Monday, August 18, 2008

Love is Having a Fluffy Behind: Cloth Diapers Are Making a Comeback

“Love is patient, love is kind . . . love is having a fluffy behind.” So goes the saying in today’s cloth diapering community. After decades of dedication to disposable diapers, more and more parents are coming back to cloth. But the choice to cloth diaper is still far enough from the mainstream to inspire many raised eyebrows.

The even more common response we encountered whenever we announced our intention to cloth diaper Violet before she was born was a slightly patronizing smile, accompanied by the standard, “wait until the baby is here.” (Read: you’re never gonna go through with this.)

She’s over a year old now, and is still exclusively in cloth. Which might surprise some of the skeptics, but what they may not have considered is that cloth diapers have come a long way from the folding and pins so many of us picture when we hear "cloth diapers." There are several styles of cloth diapers available today, all of them easier to use than most people imagine.

Of course, however convenient cloth diapers may have become, they do require more of an effort than their disposable counterparts; there’s just no shortcut to the additional loads of laundry. So why do we do it?

The environmental impact of cloth vs. disposable diapers is the most widely recognized reason to choose cloth. Approximately 18 billion disposable diapers end up in landfills each year; they are the third largest source of solid waste found in landfills. It’s estimated that it takes somewhere between 250 and 500 years for a disposable diaper to decompose.

Concern for the environment does provide us with incentive to cloth diaper our daughter. But the even more compelling, though less talked-about, reason is that we believe it’s better not just for the environment, but for her. Disposable diapers contain several toxic chemicals that we’d rather not have next to her skin for two or more years.

Dioxin. Traces of dioxin, a by-product of the paper-bleaching process used in manufacturing disposable diapers, have been found in disposable diapers. Dioxin is a carcinogenic chemical that has been banned in most countries (but not the U.S.). It has been shown to cause liver damage, immune suppression and genetic damage, in addition to cancer.

TBT. Tributyltin (TBT) , which has also been found in disposable diapers, is an extremely toxic substance which can cause hormonal problems and damage the immune system.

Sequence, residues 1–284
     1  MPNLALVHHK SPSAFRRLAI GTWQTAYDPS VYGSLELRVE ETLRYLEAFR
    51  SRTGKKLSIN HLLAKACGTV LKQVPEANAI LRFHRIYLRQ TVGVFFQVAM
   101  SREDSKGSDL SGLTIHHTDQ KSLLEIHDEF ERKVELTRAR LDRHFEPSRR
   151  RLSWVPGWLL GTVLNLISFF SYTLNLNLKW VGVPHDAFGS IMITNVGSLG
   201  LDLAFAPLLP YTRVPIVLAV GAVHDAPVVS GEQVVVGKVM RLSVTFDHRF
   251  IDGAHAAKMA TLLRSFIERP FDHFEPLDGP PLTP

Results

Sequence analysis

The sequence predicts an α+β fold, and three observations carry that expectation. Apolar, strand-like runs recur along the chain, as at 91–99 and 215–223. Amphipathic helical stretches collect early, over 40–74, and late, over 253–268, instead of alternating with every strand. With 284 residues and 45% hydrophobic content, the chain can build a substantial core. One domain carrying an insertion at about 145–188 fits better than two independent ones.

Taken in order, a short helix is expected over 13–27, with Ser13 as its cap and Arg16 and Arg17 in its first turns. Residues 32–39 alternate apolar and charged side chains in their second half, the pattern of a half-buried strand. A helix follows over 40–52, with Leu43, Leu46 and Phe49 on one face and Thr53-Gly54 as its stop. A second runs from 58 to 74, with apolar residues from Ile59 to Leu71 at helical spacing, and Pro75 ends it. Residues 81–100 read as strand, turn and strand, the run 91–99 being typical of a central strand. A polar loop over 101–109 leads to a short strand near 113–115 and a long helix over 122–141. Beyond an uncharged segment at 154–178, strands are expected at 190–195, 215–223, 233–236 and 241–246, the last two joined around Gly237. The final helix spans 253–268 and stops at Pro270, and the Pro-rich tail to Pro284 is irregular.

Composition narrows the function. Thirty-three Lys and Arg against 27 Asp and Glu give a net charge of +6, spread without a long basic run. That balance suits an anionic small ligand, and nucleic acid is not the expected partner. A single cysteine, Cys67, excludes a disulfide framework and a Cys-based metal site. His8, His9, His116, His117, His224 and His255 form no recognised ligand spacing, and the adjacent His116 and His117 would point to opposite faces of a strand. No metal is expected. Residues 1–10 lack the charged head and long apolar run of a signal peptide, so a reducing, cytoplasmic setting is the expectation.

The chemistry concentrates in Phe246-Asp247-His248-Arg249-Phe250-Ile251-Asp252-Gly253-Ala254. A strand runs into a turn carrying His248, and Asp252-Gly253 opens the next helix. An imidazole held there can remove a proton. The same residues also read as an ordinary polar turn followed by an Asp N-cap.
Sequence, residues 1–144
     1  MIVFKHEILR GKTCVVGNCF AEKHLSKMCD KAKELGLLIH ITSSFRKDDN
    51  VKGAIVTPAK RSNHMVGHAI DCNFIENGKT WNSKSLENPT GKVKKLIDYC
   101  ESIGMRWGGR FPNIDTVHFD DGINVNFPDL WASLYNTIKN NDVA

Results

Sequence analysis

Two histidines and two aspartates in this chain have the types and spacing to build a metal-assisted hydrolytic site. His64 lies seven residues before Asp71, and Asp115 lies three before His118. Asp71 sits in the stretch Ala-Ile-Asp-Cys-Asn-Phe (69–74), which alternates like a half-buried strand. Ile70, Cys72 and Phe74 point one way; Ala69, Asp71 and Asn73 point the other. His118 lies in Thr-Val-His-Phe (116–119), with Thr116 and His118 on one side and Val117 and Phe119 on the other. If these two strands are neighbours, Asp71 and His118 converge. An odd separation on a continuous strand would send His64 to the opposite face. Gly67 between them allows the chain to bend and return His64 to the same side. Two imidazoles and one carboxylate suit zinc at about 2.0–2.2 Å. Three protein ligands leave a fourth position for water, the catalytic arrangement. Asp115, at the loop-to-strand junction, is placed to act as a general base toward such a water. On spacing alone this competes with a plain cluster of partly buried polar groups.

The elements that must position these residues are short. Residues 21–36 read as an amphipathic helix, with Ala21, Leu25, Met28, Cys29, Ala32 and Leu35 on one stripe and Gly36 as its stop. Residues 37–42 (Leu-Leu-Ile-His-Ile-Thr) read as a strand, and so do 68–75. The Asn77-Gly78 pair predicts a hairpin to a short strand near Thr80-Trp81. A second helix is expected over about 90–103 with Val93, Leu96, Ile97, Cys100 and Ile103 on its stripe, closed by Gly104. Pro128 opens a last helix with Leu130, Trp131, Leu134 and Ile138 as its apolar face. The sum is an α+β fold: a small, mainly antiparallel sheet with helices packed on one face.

Sodium Polyacrylate. This stuff makes up the clear gel that makes disposable diapers “super absorbent” (beads of it are often found on a disposable-diapered baby’s bum). Sodium polyacrylate was also used in tampons until it was removed in 1985 when it was linked to Toxic Shock Syndrome (TSS). Equally alarming, employees in factories manufacturing sodium polyacrylate have been discovered to suffer from reproductive problems, fatigue, weight loss, and slow-healing wounds.

Disposable wipes caused us no less concern. Many physicians recommend not using disposable wipes until a baby is at least two weeks old because the chemicals in the wipes are too harsh for newborn skin. Since that didn’t sound like something we wanted to use on our baby’s skin at any age, we’ve opted for cloth wipes since she was born. Natural cleansing solutions are available for use with cloth wipes – we’ve opted to keep it simple and stick with pure water.

Even the thousands of additional loads of laundry our diapering decision has already created for us haven't dissuaded us from continuing to keep Violet in cloth. (For those concerned about water waste, don't - our HE machine keeps that to a minimum. And the resources, including water, involved in the manufacturing, distributing, and washing of cloth diapers don't even compare to those involved in the manufacture and distribution of the number of disposables a baby would go through in its diapering lifetime.) And while there have been a few hiccups in the process (buildup leading to leaks, one persistent yeast rash), we've figured out how to resolve all of those and prevent recurrence. It's absolutely been worth the effort, and we're looking forward to continuing Violet in cloth. Check back for more on cloth diapers, including our favorite diapers and accessories, in future posts!

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Liz said...

LOL I have the same picture of my daughter "helping" me with the laundry!

Charndra at Part Time Diaper Free! said...

Ahh, cloth diapers, the more environmentally responsible choice by far!

Really how hard is it to throw a diaper in the wash rather than the bin??

A very cute picky of your wee girl.

Charndra (in Australia)